In the long run, this is going to be a slight episode—many cozies are—but nobody read The Heart Bleeds Blue for the case. This is an episode that showcases partnership, and I’ll always take one of those.
- The actual plot of this episode was more dodgy than its character beats for our main pair. This show has a distinct tendency to have white corporate evildoers, to the point that it sort of counts as a twist that neither of the white corporate guys in this episode was actually guilty, so I get wanting to switch it up. But if there’s ever a good time to have a black public servant in the DEP conspiring to poison the water supply in order to get rich off it, I’m not sure right now is the time.
- And if you’re going to have that happen, maybe don’t also have a black man hassling his ex and her new boyfriend for vaguely-illegal reasons after committing professional fraud. That seems like a lot for one episode.
- While you’re at it, definitely do not namecheck Flint’s water crisis in the past tense, unless you’re specifically referring to the insufficient government aid to an ongoing crisis, in which case, clarify.
- I’m not sold on his subplot whatsoever—it’s the kind of thing it would be weird to just drop, but I don’t necessarily trust them to handle well—but Marcus in general was great this episode. Jon Michael Hill is often in the thankless position of being the liaison who delivers plot to the only two people in Major Cases who ever solve anything onscreen. It was really interesting to see him confronting Roy; it’s a slightly more menacing beat than we’ve seen from him in a while, and I don’t think it’s a coincidence that it’s a tactic Joan gave him.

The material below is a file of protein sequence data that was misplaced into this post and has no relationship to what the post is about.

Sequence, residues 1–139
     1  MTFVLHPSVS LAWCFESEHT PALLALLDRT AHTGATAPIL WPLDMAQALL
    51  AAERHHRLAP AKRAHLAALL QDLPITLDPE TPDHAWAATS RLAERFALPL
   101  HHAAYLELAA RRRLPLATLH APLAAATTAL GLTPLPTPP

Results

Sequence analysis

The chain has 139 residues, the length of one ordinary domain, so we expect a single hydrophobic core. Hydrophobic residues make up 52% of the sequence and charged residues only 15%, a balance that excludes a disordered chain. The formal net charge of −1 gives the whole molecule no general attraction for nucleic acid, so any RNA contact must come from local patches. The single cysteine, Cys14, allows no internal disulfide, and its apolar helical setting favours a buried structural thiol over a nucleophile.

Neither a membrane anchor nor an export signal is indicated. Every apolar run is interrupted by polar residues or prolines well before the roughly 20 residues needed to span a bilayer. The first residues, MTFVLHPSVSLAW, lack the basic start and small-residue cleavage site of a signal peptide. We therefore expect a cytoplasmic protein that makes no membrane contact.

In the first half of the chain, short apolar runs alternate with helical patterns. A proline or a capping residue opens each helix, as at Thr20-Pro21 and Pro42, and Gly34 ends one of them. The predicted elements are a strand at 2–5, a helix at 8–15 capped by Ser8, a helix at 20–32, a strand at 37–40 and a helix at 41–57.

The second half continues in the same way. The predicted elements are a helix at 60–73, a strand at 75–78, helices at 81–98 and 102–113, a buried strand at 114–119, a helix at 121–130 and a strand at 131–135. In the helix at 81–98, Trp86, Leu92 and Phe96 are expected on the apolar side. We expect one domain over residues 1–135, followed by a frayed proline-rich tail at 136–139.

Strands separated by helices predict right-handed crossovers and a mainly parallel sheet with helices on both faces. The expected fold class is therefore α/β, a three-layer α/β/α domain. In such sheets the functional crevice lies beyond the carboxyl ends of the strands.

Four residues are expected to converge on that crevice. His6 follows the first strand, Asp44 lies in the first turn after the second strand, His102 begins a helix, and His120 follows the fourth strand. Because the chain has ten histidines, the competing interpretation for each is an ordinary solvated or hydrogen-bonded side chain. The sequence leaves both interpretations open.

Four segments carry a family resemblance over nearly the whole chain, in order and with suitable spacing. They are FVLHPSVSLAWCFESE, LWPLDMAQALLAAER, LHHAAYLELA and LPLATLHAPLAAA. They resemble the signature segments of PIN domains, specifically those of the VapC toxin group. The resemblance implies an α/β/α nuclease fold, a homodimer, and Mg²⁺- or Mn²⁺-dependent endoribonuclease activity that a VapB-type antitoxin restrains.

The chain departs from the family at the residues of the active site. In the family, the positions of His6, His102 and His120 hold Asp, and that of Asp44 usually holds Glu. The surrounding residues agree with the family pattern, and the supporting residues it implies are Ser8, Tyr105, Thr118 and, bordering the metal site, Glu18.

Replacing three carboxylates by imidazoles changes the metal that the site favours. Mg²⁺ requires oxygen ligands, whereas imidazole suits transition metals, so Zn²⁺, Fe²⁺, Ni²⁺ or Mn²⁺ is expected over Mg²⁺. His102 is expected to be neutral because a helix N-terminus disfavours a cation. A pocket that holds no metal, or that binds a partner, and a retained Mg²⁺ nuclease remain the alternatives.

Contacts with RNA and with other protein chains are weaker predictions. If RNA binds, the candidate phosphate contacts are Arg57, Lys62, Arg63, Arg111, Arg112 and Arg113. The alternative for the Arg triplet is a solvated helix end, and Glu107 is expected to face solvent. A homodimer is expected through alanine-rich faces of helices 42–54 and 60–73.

- Occasionally the hook crimes on this show can feel like a bit much. But I ended up liking the Mr. Mangles frame story more than I thought I would; the ecosystem of corporate callousness that existed all on its own made the coincidental murder feel serendipitous but somehow parallel to the A case. That journalist bailed on his ethically-bogus gig to try to report on a major story, even if it was the last thing he did. There’s enough substance there that you feel echoes of that sacrifice when the story’s leaked and when Sherlock reads something oddly credible out of the tabloid.
- Jonny Lee Miller loves his job: “At least two, you never know with clowns.”
- Line delivery of the week: Gregson’s “You know what is illegal? Murder.” (Assist from Miller: “We checked.”)
- Lucy Liu auntie-ing Marcus about his date was adorable.
- Debra Jo Rupp should be on every cop show, just the once, always for a clown-related murder, and no one should ever say a thing about it.
- Sure, Sherlock and Joan are the primary partnership on the show, but I love the moments Joan has with Marcus or Gregson. When Joan and Gregson turn to each other the moment Homeland Security mentioned the leak, it was a practiced move. They deal with Sherlock a lot.
- Okay, listen, Joan: Your stepfather didn’t ask permission to write The Heart Bled Blue. He pulled The Heart Hit Home when you got mad about it! You said it was okay for him to publish it! You apparently helped him edit it! This one’s on you!
- That said, I’m thrilled there won’t be any more of them. That was one of the creepiest subplots this show has ever had, all the more because the show didn’t seem to think it was nearly as invasive and inappropriate as it was. (Begrudging hats off to that cover, though.)